If you read my day 6 post, it probably made Yokohama a bit of a letdown. Fear not, theres actually alot to do in Yokohama if you look for it. The three main things we did today though, are common throughout all tourist guides, and for good reason!
We decided to head off to the Ramen (or Raumen?) museum in Yokohama. Don’t confuse this with the Instant Cup Noodle Museum, also conveniently located in Yokohama near the Red Brick Warehouse. This museum serves multiple regional and international varieties of ramen in a multi-level building.
The museum is located roughly 5-10 minutes from Shin Yokohama station. Once you are on the street, you can’t miss it. You will see a ramen bowl on top of a post, with a set of chopsticks seemingly plucking noodles out of said bowl. Pictures don’t do this thing justice, but here it is anyway:
Tickets are purchased either at the front counter, or on the machine. The staff speak English so no need to worry, grab yourself some tickets and head inside. This ticket gets you into the building, with the ramen charged on top of it. For Y500 this isn’t too bad.
Once inside you will see some information on the wall of the types of ramen served inside, as well as the main tourist store. Skip the shopping till the end and head downstairs where you will be met with more than 10 varieties of ramen to choose from.
Each store serves its own specialty, from the expected Miso and Soy based ramen broths, to those focusing on chicken only for the broth, and to the more stranger Italian and German inspired varieties.
Ordering at the Museum
Orders are made on a vending machine like in other places. The safest option is always the button on the far top left, though English menus exist for all stores so you need not guess.
Now you may be thinking that eating more than one bowl of ramen will be enough, and I tend to agree. However, you can order half size bowls at Y500 at each store as a taster. That way, you can go through 2-3 (or more) bowls of ramen without getting a sodium headache, or feeling guilty. The serving sizes are still decent.
I had the Italian style ramen (Casa Luca Milano), the store specialising in Chicken broth for ramen, and the store selling a seafood based broth. All excellent places. My partner had the German ramen, which from all accounts was fantastic.
We then went upstairs for some souveneers. I couldn’t help but buy a Cup Noodle designed mug with matching cup lid for around Y1000. Biggest regret though, was buying some instant ramen (German themed). The souveneer store sells the ramen that you buy downstairs, but in an instant form. Because it contains preserved pork and broth, the past by date is quite short (It will last for a month at most). Note to self and all, do not buy instant ramen. It is terrible as it tastes really porky and oily. Do yourself a favour and don’t buy this.
Random, but the museum has a hobby store inside as well at the far back, with Tamiya model sets, and a racetrack that you can play in for Y100.
Feeling dehydrated after chowing down on three bowls of noodles, we decided to head out to the Kirin Beer Factory. The closest station was Keikyu-Shinkoyas, which was still a good 15-20 minute walk away.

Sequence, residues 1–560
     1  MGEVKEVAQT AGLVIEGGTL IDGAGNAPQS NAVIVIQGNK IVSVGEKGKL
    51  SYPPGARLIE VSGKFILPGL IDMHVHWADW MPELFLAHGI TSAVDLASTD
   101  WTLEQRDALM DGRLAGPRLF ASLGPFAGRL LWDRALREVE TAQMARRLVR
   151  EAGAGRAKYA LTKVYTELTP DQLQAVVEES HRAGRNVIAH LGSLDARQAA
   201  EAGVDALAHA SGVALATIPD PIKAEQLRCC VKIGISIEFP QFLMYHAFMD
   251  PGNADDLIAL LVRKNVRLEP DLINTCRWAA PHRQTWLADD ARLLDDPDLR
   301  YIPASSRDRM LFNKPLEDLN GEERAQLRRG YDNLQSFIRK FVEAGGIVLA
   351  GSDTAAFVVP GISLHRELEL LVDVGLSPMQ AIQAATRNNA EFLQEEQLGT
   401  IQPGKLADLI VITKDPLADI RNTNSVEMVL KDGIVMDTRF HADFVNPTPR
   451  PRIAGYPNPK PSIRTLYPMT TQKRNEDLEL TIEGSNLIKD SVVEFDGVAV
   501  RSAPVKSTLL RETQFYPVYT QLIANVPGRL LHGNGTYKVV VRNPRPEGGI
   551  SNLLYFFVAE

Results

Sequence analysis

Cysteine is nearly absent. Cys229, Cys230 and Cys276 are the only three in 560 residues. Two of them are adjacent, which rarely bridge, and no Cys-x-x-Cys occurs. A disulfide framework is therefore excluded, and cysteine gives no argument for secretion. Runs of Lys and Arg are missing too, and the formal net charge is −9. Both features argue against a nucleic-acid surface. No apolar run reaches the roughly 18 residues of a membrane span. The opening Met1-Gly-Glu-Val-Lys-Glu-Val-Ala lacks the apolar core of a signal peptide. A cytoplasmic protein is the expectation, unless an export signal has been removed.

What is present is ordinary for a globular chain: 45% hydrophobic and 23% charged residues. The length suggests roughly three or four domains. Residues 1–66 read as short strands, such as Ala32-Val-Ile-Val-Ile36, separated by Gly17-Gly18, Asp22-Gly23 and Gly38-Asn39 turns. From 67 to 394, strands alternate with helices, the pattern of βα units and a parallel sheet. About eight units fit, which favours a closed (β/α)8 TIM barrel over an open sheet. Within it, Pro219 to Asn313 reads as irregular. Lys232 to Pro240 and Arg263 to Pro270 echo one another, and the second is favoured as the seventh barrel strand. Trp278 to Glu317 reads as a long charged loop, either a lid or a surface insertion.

Kirin Beer Factory
Some unhelpful signs later, and we were there. Unfortunately, we did not realise that the factory was under renovation, and would be closed for 3 months! Feeling dejected, we were told that the nearby beer garden was open, so we could quench our thirst anyway. It was a shame though, because in photos i’ve seen the beer manufacturing process in Japan looked amazing.
We stopped by the Spring Valley Brewery located in the same precinct. It was eerily quiet, most likely because said factory was closed for renovations. Anyway, we ordered the beer sampler, and it was delicious. You get to sample 6 x 100ML specialty brews to taste, and on a hot day, it was much needed.
After a bit of a break, Cosmoworld was the next stop. Conveniently located near Minato Mirai, Cosmoworld is an inner city theme park. It’s mostly catered to tourists, though a large portion of customers are high school students that like to hang around. In what other country would you spend your time afterschool hanging out at a theme park?
Pro tip, don’t pay to use the storage lockers to store your bags. Storage lockers are located at each ride once you are about to board. Thats the great thing about Japan, where everyone has a backpack or bag on.
Its not the greatest theme park out there, nor does it try to be. Theres a few standard roller coasters for cheap thrills, the ferris wheel is fantastic to jump on at night for a full view of Yokohama, and there are fun and games for kids and adults. Don’t play the Basketball game, no matter how good your jumpshot is. The gap where the balls roll down after you make a shot is so small that the ball will JUST fit through. That severly slows down the pace at which you can make buckets!
We ended the night just wandering around Yokohama at night. Its beautiful to see, more so with the fluro lights from Cosmoworld!
Summary of places visited
Yokohama Ramen Museum
222-0033 Kanagawa Prefecture, Yokohama, Kohoku Ward, Shinyokohama, 2−14−21
Spring Valley Brewery Yokohama
230-0052 Kanagawa-ken, Yokohama-shi, Tsurumi-ku, Namamugi, 1 Chome−17
231-0001 Kanagawa Prefecture, Yokohama, Naka Ward, Shinko, 2 Chome−8番1号
2 Chome-2-1-1 みなとみらい2 Nishi-ku, Yokohama-shi, Kanagawa-ken 220-8101